YEN Nutrition is an independent network connecting anyone seeking to improve the nutrition of arable crops including farmers, advisors, suppliers and academics. Membership is open to anyone, from anywhere, for any grain crop - cereals, oilseeds, or pulses.
YEN Nutrition membership begins with grain analysis which then enables independent and complete nutrition benchmarking of six or more fields.
Enter YEN Nutrition
YEN Nutrition entry costs £250 +VAT. This provides analysis and benchmarking of six fields (or samples). Additional samples cost £40 + VAT.
... making sure you add membership to your cart.
Particularly for agronomists and agronomy companies, bulk memberships are available at a discount for ten farms or more, please click here.
If you have any queries, please email firstname.lastname@example.org
The YEN Nutrition process
Once you are a member, you can enter your farm, field and crop details through the YEN Nutrition Portal, which then helps you manage your entries, share your results (anonymously) and benchmark your fields. The process will be to ...
- Enter your farm details (if you are new to YEN)
- Choose your lab and your sample kit delivery address
- Enter the fields you wish to sample, and sample names
- Provide information about your crops, soils, and fertiliser inputs
- Receive a harvest sampling kit - please allow 10 days for this to arrive
- Take samples from each load as each field is harvested (instructions in your kit)
- Send all samples using bags provided in the kit to your chosen lab.
- Enter (on the YEN Nutrition Portal) the yield for each field and whether straw was removed
- Receive your reports, benchmark your results, highlight key issues, and better manage the nutrition of your next crops.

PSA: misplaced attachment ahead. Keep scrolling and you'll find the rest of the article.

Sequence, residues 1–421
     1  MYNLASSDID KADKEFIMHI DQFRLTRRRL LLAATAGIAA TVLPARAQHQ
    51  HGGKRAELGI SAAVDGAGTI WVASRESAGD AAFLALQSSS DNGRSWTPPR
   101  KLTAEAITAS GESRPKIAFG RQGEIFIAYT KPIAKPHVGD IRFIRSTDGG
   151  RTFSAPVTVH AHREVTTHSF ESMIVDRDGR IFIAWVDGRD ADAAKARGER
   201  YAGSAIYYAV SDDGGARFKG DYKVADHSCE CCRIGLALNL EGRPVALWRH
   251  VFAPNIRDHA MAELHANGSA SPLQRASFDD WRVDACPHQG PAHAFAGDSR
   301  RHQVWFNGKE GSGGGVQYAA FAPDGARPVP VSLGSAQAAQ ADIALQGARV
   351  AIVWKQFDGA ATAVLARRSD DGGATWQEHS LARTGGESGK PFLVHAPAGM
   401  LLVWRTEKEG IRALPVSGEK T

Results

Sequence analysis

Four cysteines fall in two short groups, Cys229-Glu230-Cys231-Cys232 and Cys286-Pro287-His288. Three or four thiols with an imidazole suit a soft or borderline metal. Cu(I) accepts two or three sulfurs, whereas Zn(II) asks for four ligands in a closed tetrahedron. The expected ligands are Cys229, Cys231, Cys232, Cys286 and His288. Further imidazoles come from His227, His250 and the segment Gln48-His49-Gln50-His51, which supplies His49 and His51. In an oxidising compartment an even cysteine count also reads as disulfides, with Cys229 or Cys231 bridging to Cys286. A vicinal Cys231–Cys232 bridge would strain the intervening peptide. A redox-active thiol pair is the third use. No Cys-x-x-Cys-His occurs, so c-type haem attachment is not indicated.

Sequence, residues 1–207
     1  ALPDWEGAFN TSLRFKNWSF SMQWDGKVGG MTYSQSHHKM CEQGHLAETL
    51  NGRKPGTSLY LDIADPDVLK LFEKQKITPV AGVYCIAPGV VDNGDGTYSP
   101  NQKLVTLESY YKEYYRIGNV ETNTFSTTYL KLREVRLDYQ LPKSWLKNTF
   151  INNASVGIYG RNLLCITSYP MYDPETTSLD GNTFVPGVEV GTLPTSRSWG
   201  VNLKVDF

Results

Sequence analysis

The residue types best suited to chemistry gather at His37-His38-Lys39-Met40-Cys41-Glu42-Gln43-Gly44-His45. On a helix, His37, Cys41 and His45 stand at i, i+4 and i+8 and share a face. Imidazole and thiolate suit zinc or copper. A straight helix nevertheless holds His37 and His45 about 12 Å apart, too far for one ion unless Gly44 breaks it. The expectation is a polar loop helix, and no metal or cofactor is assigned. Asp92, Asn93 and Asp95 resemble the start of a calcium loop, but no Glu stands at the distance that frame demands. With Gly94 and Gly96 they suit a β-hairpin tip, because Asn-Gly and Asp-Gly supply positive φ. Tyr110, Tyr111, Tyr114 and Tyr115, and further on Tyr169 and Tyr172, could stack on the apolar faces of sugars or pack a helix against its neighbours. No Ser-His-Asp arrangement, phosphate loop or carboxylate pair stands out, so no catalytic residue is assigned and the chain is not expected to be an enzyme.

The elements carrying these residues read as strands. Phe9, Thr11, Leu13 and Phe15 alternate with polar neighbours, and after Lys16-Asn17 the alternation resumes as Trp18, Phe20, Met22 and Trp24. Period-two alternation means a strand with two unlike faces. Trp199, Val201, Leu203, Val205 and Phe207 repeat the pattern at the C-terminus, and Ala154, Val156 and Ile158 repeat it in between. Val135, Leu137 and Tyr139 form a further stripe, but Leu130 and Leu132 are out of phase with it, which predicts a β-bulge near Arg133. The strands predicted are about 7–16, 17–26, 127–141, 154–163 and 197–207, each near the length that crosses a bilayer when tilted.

Benefits (example reports from 2020):
- Nutrient Offtake Report - available shortly after samples and crop yields are provided
- Nutrient Benchmarking Report - available in November
- Seasonal Summary - available in March, only to data providers
- Annual Review - available in April (on request)
- And - new this year - you may use YEN Dynamic Benchmarking online
All YENs are also providing members with increasing opportunities to form or join groups to 'learn by sharing'.
Why analyse grain nutrients?
Grain analysis defines a crop's final nutrient status. It accurately assesses nutrient offtakes and then benchmarking identifies which nutrient deficiency(ies) may have limited the crop's yield.
Grain analysis provides levels of all 12 essential nutrients: Nitrogen (N), Potassium (K), Phosphorus (P), Sulphur (S), Calcium (Ca), Magnesium (Mg), Manganese (Mn), Zinc (Zn), Copper (Cu), Iron (Fe), Boron (B), and Molybdenum (Mo). It completes the story started by soil analysis and developed by leaf analysis and reveals whether a crop actually captured enough of each nutrient throughout its entire life.
Grain analysis provides a check on: -
- Results of soil and leaf analysis
- Seasonal abnormalities
- Whether rooting etc. was adequate
- Whether nutrient sprays worked
Grain analyses on >900 YEN cereal crops showed that three-quarters were probably deficient in at least one nutrient. We estimate that the average YEN crop would have benefited at least £500 per field if it had received fully optimal nutrition.
Along with known yields, grain analyses also provide the most accurate estimates of crop nutrient offtakes, hence P&K requirements. This reduces unnecessary nutrient applications and on average saves on fertiliser costs by ~£50 per field.
Routine grain analysis is now recommended in AHDB’s Nutrient Management Guide (RB209), the go-to guide for growers.
The importance of benchmarking
By also benchmarking your grain results against results from other crops, you can immediately see how well your crops’ nutrition ranked.
As more farms become involved in grain nutrient benchmarking, understanding of crop nutrient levels and yields will improve for all farms.
Our end-of-season overview of entrants' nutrition data from 2020 showed major differences between farms. Data from 2021 will check these conclusions and show how attention to nutrition should generally be best focussed in future farm by farm.